Well we all know that between any two real numbers there is a rational. Mathematicians like to say that the rationals are *dense* in the real line… what this means is that any open set will contain some rational. So they are “everywhere” in the line, aren't they?

Well, it depends on what you mean by “everywhere”.

One could argue that the rationals are pretty sparsely populated in the reals: I claim that you can cover the rationals by a set whose “length” is arbitrarily small. In other words, give me a string of any positive length, no matter how short, and I will be able to cover all the rationals with it!

Since the rationals are countable, I can run through them sequentially, one by one. Take the string, cut it in half, and cover the first rational with it. Then take what's left of the string, cut it in half, and use that to cover the 2nd rational. Continue in this fashion, taking what's left of the string, cutting it in half, and using that to cover the N-th rational.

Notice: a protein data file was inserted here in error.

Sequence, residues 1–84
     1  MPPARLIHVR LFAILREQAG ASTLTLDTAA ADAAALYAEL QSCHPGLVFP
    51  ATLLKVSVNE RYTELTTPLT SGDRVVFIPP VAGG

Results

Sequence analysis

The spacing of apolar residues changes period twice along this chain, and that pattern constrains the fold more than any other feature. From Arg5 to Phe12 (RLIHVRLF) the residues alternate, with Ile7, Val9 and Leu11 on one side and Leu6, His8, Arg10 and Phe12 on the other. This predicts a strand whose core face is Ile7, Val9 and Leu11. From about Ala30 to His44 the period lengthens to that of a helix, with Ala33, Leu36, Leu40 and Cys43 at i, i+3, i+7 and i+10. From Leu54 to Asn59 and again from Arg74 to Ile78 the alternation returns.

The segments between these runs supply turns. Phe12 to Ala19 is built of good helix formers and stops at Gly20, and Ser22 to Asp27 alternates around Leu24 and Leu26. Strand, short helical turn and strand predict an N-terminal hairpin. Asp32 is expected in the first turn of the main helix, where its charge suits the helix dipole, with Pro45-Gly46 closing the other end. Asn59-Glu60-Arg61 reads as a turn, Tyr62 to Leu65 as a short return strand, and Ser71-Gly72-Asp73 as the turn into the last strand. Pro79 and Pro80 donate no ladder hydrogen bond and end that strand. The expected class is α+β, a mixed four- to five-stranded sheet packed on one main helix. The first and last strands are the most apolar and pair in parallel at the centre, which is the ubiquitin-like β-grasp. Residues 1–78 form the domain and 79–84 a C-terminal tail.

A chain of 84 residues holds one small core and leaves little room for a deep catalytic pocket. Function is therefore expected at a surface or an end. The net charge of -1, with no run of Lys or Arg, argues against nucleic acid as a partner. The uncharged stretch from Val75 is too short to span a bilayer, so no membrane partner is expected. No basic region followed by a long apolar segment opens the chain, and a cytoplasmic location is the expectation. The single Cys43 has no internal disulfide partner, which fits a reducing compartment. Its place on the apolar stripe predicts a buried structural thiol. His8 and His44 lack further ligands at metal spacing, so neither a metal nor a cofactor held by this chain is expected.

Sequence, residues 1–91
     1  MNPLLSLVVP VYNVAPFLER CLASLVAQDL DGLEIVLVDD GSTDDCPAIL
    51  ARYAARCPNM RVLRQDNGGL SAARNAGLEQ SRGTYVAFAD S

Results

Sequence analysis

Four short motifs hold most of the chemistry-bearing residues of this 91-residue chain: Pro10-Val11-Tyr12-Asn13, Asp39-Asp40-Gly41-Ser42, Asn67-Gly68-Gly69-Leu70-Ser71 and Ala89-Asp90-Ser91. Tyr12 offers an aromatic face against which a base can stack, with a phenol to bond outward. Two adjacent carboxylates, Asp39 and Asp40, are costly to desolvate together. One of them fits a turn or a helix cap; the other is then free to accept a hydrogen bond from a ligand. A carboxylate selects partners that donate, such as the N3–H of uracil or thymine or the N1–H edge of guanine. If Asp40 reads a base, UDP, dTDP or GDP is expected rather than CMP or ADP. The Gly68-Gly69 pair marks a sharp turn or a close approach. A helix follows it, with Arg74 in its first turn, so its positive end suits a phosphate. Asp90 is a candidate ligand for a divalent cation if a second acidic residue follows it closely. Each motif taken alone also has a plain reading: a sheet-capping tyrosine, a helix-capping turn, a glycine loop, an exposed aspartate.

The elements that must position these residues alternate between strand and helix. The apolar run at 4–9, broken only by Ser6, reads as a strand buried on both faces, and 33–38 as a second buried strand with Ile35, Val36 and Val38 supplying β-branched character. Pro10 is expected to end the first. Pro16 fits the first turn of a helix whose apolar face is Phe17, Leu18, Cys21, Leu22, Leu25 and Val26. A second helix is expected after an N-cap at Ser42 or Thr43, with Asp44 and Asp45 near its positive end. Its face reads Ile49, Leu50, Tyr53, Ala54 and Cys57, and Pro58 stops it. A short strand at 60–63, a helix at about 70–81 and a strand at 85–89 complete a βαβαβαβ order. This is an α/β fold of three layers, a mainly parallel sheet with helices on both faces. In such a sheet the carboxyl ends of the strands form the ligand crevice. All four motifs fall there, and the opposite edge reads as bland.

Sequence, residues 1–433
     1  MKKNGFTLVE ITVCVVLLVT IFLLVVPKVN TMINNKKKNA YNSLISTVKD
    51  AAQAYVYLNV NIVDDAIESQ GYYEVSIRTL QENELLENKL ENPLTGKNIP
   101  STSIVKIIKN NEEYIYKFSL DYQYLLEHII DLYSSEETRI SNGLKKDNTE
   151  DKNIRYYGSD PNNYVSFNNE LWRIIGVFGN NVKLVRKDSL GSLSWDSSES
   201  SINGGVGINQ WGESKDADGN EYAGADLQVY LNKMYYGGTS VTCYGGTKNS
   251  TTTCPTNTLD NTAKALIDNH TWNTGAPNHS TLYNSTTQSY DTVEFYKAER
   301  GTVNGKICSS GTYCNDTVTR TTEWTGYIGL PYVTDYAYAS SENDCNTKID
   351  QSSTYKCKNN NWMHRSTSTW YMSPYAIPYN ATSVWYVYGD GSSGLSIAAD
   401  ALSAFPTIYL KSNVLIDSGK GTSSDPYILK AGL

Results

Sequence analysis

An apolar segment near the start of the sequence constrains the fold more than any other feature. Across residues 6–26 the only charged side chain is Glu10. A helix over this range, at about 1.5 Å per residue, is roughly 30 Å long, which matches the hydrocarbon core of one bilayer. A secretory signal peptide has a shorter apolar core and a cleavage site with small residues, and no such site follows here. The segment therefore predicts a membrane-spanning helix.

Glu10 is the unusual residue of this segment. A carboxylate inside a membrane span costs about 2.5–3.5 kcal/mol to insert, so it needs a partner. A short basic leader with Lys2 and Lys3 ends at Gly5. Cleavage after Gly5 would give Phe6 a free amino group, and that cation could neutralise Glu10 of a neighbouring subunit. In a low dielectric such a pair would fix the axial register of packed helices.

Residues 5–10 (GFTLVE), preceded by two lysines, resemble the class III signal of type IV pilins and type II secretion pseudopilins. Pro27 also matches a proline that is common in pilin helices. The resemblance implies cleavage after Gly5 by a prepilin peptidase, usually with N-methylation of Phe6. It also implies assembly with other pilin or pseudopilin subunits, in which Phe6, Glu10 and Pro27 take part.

When complete, all the rationals will be covered! So the rationals are dense but also “sparse”!

**Presentation Suggestions:**

Some students may object that this procedure will take infinitely long. Counter by saying that if the first covering takes 1sec, the 2nd covering takes 1/2sec, the 3rd takes 1/4sec, etc., that you will finish in 2 seconds. (Of course, you could also just explain that you'll do the cutting and covering all at once.)

**The Math Behind the Fact:**

A mathematician would say a “sparse” set (as we've defined it here) is a *measure zero* set. It may be worth mentioning that the irrationals are also dense, but unlike the rationals, they are not “sparse” or measure zero. This fact emphasizes that rationals and irrationals are really quite different even though you can find a rational between any two irrationals, and an irrational between any two rationals! Measure zero sets do not need to be countable; an example of a measure zero set that is not is a Cantor Set.

**How to Cite this Page:**

Su, Francis E., et al. “Rationals Dense but Sparse.” *Math Fun Facts*. <https://www.math.hmc.edu/funfacts>.

**Fun Fact suggested by:**

Lesley Ward